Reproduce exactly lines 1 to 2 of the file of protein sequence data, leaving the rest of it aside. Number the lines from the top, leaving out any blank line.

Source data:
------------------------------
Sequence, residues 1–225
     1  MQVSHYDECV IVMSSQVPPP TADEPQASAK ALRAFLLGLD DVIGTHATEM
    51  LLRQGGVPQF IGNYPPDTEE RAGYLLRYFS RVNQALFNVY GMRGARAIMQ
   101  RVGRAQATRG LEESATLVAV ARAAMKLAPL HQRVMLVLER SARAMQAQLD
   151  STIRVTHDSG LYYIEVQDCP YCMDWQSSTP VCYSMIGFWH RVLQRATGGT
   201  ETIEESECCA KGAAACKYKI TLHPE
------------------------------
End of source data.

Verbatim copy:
Sequence, residues 1–225
     1  MQVSHYDECV IVMSSQVPPP TADEPQASAK ALRAFLLGLD DVIGTHATEM